About two years ago, feeling blindsided by menopausal mental fog, I subscribed to an online brain game service and started cognitive workouts regularly. One of their newer games called “Train of Thought” intrigued me, partly because I’d become a daily commuter on Amtrak and because I became really good at "Train," quickly maxing out at Level 14.

The way the game works is that I have to switch tracks so that a certain color train enters the station with the matching color. The better I do, the faster the trains come at me, and the higher the level I obtain. However, if I make a mistake with one train, I need to forget about it instantaneously to send the next train into the correct color-coded station or I’ll compound the situation and wind up with a string of misses and a crummy score.

Every day I ride Amtrak with a smart young woman who betters me in many ways. At age 30, she is fitter, faster, more athletic, and more tech- and social media savvy than me. I shared “Train of Thought” with her and, because she outshines me frequently, she thought she could whoop my ass at this game, too.

Within a couple of tries, I expected that she’d beat my top score—sending 46 out 50 trains to the right stations. After playing a few times, she gave up on the game because she couldn’t beat me.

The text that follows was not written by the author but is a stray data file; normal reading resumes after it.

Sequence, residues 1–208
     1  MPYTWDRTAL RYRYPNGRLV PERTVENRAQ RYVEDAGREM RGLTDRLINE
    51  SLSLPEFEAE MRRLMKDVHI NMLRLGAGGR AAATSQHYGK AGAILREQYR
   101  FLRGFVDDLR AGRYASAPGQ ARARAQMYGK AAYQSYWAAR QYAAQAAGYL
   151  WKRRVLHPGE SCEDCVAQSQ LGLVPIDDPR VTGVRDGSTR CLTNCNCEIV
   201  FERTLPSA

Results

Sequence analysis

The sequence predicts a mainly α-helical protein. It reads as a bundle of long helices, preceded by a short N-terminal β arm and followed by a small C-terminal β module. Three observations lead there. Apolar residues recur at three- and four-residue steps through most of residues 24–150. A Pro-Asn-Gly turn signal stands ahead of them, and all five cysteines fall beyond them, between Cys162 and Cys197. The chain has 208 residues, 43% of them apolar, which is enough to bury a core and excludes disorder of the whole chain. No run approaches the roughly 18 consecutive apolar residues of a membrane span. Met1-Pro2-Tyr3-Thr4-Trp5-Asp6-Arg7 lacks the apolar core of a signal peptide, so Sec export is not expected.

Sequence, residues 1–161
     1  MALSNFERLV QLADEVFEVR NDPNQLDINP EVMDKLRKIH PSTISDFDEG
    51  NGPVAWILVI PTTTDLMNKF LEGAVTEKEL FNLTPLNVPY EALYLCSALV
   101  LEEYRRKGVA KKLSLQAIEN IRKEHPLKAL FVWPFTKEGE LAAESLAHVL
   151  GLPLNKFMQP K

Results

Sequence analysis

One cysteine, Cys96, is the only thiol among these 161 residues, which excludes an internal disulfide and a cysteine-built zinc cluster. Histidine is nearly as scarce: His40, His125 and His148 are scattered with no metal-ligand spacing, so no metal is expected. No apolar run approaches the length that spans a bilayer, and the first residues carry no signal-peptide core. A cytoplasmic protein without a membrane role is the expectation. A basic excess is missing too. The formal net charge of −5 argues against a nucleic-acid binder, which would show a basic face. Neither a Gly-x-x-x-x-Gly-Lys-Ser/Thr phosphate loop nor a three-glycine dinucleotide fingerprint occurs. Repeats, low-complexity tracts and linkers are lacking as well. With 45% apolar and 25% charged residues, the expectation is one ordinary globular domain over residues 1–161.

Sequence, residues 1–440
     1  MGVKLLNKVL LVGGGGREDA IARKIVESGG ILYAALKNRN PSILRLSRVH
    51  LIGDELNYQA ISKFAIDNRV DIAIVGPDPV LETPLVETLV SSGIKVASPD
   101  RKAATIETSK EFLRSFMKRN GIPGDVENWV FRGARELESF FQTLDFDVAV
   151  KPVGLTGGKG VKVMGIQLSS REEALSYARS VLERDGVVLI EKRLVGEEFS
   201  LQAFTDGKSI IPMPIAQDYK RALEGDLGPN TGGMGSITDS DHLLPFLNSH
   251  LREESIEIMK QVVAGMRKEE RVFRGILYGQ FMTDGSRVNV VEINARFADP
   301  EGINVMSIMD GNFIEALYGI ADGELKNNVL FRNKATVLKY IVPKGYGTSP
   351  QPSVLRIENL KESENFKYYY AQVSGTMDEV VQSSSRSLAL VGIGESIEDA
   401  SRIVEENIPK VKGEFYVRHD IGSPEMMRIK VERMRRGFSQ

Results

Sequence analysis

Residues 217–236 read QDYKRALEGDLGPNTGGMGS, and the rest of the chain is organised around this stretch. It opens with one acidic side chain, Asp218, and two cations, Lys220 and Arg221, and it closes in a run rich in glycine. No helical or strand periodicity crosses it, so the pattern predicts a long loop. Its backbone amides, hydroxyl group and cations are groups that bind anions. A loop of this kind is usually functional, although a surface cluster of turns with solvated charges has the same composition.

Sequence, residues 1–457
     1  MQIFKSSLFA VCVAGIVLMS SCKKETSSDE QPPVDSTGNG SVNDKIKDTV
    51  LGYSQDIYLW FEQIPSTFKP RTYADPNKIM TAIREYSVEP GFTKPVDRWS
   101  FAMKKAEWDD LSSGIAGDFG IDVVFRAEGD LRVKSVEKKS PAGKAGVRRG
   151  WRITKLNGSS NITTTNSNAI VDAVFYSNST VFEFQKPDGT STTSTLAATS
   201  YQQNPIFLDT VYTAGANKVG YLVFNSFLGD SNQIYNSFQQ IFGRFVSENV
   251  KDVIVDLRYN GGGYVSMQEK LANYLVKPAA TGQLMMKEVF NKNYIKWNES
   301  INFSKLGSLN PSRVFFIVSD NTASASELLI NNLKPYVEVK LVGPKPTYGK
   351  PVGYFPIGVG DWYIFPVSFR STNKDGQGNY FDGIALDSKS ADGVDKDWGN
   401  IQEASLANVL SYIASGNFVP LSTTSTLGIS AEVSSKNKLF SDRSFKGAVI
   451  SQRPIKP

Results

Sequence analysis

“Please don’t think about the trains you messed up. Just concentrate on getting the next train right. Keep trying. Don't give up,” I coached, to no avail.

That may be a lesson she’ll have to learn over time like I did, though I’m hopeful it won’t take her decades like it did me. I care about her and want her to reach her potential and realize all the wonderful things she is capable of. 

I have a 26-year-old daughter, a college graduate now living on her own. Like my commuting friend and how many other talented young women, she can become consumed with what she did wrong rather than celebrating and building on what she did right.

Dwelling on your mistakes is a personally and professionally crippling habit of mind. It may take therapy, a book, or even an online brain game to help women and men learn that life lesson, but it’s one we need to learn, one that I learned at 56-years-young, and one that can never be learned too late.  


Don't arm teachers, for god's sake!

Recently the local news did a story on a bill in the Pennsylvania Senate that would allow local school districts to decide whether teachers and other staff should be allowed to carry a weapon for protection.

This is a dangerous and ill-conceived idea. Why so many people think that the answer to ending school shootings is to provide more guns absolutely confounds me.